Gartner has revised the criteria for the hyperconverged infrastructure Magic Quadrant to include HCI software players only. The changing goal posts has led to the ejection of Cisco, Dell EMC, HPE, Huawei and Red Hat from the 2020 HCI MQ edition.
Last year, the tech analyst firm said HCI systems were available as software to run on standard hardware or as integrated appliances – hyperconverged integrated systems (HCIS).
For 2020, Gartner has tightened the definition to HCI software that provides virtualized compute, storage, networking and associated management from a single instantiation running on server hardware from multiple server providers. Long story short, out go the HCIS products, leaving only HCI software.
Here is the HCI MQ diagram for 2020.
Compare and contrast with the Gartner 2019 HCI (and HCIS) MQ:
In 2020, Nutanix leads VMware in the Leaders’ box – for more details about how they are doing, read The Register article ‘New Nutanix CEO and Azure HCI debut reboot the hyperconverged infrastructure market’.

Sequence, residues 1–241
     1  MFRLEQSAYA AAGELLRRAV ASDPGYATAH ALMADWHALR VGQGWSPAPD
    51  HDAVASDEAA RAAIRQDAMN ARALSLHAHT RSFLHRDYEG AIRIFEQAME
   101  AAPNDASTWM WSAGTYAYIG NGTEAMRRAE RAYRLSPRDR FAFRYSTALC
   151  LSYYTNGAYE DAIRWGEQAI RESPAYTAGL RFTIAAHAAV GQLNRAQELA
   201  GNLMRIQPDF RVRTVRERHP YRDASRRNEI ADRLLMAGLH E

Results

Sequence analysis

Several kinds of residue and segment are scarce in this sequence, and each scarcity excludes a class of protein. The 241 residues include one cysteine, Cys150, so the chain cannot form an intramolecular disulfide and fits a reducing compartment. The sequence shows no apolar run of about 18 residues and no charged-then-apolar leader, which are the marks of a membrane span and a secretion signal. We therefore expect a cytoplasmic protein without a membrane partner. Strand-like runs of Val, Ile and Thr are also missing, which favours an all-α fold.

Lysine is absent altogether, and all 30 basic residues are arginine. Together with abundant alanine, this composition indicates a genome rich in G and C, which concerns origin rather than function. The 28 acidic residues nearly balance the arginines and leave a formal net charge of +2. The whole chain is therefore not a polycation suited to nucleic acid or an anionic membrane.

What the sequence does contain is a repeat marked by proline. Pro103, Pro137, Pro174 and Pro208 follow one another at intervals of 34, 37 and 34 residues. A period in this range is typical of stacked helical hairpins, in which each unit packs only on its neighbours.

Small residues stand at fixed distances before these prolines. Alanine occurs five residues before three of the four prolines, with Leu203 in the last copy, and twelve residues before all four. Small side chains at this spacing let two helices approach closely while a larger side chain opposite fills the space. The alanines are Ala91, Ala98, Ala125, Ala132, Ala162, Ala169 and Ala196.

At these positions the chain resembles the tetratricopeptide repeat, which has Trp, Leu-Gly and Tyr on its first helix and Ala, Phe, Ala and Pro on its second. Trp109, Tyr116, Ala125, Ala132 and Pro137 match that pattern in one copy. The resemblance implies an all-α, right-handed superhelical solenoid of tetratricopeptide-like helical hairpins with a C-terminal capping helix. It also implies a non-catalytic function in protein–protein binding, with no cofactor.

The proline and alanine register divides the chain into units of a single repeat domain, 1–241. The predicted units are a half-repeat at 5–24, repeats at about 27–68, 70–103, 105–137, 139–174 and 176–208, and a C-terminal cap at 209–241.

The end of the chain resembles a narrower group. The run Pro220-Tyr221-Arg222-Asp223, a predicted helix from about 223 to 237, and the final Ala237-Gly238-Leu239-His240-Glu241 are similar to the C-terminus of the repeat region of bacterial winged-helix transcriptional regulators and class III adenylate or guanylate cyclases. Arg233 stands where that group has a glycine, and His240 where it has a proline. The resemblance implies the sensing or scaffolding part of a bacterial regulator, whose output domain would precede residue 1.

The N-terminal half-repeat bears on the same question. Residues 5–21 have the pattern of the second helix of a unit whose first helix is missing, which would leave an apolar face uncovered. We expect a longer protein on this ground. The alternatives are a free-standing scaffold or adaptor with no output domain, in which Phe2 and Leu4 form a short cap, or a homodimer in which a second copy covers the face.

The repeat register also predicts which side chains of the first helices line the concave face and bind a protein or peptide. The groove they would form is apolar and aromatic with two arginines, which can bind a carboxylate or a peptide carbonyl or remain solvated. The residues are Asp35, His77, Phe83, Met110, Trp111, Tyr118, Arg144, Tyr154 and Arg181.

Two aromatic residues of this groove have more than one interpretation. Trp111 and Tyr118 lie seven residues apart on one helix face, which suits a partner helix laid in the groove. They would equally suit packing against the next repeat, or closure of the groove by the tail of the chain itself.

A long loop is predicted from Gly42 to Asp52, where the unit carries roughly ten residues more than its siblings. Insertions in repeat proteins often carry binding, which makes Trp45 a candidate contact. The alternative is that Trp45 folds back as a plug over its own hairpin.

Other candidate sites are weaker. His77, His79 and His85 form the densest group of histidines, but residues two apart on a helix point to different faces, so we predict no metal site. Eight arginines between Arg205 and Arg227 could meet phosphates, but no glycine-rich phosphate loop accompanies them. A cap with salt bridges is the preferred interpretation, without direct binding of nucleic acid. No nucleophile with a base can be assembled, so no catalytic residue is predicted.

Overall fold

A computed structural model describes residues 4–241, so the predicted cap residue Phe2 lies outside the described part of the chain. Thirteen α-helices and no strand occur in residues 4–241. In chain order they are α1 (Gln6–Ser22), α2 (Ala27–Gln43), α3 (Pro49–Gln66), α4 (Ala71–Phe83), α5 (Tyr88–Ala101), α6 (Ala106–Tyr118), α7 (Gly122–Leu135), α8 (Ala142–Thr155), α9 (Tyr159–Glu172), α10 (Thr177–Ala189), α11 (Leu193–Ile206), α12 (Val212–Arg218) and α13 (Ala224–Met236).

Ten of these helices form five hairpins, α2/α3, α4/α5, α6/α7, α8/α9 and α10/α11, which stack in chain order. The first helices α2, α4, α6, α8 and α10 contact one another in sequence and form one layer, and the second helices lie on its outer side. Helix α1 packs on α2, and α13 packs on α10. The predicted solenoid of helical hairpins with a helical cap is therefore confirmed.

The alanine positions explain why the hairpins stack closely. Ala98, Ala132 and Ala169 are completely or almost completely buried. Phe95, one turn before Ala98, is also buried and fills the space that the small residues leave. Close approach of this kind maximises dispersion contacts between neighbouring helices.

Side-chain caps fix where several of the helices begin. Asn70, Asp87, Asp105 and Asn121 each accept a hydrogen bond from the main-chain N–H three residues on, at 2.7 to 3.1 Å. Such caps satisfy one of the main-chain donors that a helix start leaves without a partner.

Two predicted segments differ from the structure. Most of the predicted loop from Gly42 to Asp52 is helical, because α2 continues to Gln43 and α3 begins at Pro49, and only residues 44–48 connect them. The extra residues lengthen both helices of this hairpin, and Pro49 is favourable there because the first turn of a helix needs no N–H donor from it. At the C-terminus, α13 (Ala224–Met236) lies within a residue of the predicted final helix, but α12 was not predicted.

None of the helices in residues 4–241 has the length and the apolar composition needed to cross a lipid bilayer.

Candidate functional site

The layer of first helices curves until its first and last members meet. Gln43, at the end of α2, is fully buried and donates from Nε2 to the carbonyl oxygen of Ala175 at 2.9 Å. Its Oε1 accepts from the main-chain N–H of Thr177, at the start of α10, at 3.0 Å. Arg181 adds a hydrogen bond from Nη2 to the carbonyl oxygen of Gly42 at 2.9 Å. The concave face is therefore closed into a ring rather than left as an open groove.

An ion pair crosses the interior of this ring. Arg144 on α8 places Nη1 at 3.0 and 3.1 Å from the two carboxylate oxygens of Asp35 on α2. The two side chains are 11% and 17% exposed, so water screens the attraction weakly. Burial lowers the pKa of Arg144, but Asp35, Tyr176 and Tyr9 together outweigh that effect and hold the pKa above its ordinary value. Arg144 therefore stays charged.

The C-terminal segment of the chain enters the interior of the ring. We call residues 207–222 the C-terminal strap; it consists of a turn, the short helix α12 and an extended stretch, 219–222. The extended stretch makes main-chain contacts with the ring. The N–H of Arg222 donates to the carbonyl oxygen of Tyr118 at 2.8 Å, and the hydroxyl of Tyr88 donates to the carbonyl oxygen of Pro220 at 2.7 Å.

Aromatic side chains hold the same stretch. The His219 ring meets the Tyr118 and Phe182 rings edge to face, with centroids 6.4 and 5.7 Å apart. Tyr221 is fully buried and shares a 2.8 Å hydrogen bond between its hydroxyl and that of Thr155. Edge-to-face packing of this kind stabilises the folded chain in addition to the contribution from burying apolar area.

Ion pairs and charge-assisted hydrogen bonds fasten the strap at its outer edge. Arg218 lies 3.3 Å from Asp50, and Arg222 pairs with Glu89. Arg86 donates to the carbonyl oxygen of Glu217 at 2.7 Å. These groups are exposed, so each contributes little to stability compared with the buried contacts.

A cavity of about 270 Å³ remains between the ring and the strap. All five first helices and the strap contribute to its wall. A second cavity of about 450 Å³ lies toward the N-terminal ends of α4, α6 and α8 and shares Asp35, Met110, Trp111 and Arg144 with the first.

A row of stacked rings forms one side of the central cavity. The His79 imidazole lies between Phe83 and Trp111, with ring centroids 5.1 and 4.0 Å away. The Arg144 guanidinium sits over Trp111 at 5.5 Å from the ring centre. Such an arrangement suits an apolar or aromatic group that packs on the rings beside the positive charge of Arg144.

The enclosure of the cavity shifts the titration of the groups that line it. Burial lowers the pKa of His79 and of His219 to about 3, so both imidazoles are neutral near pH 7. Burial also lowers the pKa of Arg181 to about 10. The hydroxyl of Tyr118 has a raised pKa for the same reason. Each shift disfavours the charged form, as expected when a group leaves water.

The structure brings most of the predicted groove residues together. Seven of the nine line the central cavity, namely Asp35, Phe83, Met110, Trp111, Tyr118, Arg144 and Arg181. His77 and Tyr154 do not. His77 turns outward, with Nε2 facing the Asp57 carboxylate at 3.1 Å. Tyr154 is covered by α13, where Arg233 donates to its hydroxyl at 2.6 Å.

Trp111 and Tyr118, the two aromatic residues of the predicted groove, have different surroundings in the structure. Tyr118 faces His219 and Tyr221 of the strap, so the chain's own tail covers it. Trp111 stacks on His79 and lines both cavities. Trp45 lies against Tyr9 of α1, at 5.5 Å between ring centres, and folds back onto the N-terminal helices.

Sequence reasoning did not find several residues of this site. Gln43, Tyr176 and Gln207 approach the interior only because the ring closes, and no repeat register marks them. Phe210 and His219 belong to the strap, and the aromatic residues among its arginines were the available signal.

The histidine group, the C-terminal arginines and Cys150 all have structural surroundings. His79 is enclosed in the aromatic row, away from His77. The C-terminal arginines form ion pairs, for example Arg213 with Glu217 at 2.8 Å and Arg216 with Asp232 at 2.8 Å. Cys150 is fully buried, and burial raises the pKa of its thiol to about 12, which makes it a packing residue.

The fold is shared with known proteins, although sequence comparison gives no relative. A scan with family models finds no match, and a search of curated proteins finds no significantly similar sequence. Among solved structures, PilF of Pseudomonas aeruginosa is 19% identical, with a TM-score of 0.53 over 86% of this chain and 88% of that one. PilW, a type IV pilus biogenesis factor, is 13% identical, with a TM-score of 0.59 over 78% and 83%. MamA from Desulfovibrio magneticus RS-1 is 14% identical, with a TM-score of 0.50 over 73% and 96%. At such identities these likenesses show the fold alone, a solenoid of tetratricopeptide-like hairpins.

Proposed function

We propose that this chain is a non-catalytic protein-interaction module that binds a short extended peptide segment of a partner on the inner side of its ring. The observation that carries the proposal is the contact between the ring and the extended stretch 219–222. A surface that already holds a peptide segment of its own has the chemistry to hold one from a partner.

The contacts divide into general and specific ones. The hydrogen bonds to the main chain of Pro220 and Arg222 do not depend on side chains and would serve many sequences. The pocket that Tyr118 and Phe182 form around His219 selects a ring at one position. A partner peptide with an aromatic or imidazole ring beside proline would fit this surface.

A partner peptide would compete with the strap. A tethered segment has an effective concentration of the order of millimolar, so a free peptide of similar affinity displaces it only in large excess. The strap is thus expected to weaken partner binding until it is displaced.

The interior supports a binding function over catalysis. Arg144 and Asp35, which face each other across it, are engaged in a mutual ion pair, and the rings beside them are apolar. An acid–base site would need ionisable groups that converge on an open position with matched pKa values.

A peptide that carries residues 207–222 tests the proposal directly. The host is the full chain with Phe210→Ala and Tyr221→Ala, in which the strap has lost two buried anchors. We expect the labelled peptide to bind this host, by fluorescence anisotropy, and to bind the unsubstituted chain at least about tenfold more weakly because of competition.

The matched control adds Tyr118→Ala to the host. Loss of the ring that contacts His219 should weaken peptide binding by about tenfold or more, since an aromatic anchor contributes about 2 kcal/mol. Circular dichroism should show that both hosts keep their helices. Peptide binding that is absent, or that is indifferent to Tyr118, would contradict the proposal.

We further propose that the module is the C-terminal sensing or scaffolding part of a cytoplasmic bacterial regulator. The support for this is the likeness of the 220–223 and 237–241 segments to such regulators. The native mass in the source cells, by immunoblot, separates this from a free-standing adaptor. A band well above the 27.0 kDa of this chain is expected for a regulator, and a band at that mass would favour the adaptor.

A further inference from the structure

There are no ‘Challengers’ and Microsoft is the sole ‘Visionary’. We think this week’s Azure Stack HCI launch has something to do with this – read our article, Dell launches pay as you go Azure Stack HCI.
Pivot3 moves from Challenger to a ‘Niche’ player – and although Gartner hates it when we use such terms, this is effectively a demotion. Scale Computing, StorMagic and Starwind get promoted in the Niche players’ box.
We were surprised by Red Hat’s absence from the Gartner 2020 HCI MQ. Gartner explains the company was “dropped due to a narrowing of its focus to only three use cases.” For inclusion in the MQ, the analyst firm requires HCI vendors to meet user requirements in at least four use cases such as core IT, cloud, edge, mission-critical and VDI.
Red Hat says its Hyperconverged Infrastructure for Virtualization 1.6 “is for departmental and lines of business groups, remote and branch office sites, DevTest, and other operational use cases” .
N.B. Standard Gartner MQ explainer: the magic quadrant is defined by axes labelled ‘ability to execute’ and ‘completeness of vision’, and split into four squares tagged ‘visionaries’, ‘niche players’, ‘challengers’ and ‘leaders’.